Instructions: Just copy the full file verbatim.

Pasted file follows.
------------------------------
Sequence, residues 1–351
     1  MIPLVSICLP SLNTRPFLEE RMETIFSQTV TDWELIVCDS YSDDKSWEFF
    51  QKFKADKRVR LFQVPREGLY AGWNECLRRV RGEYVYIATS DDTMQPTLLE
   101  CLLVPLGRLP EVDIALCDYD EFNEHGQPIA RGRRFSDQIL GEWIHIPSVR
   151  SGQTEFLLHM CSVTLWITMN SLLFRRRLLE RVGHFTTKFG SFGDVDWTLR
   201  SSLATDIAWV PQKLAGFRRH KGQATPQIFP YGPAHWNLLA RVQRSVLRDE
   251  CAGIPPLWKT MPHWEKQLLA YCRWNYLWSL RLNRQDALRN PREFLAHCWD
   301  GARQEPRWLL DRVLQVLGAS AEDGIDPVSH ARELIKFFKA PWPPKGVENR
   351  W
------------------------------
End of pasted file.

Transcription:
Sequence, residues 1–351
     1  MIPLVSICLP SLNTRPFLEE RMETIFSQTV TDWELIVCDS YSDDKSWEFF
    51  QKFKADKRVR LFQVPREGLY AGWNECLRRV RGEYVYIATS DDTMQPTLLE
   101  CLLVPLGRLP EVDIALCDYD EFNEHGQPIA RGRRFSDQIL GEWIHIPSVR
   151  SGQTEFLLHM CSVTLWITMN SLLFRRRLLE RVGHFTTKFG SFGDVDWTLR
   201  SSLATDIAWV PQKLAGFRRH KGQATPQIFP YGPAHWNLLA RVQRSVLRDE
   251  CAGIPPLWKT MPHWEKQLLA YCRWNYLWSL RLNRQDALRN PREFLAHCWD
   301  GARQEPRWLL DRVLQVLGAS AEDGIDPVSH ARELIKFFKA PWPPKGVENR
   351  W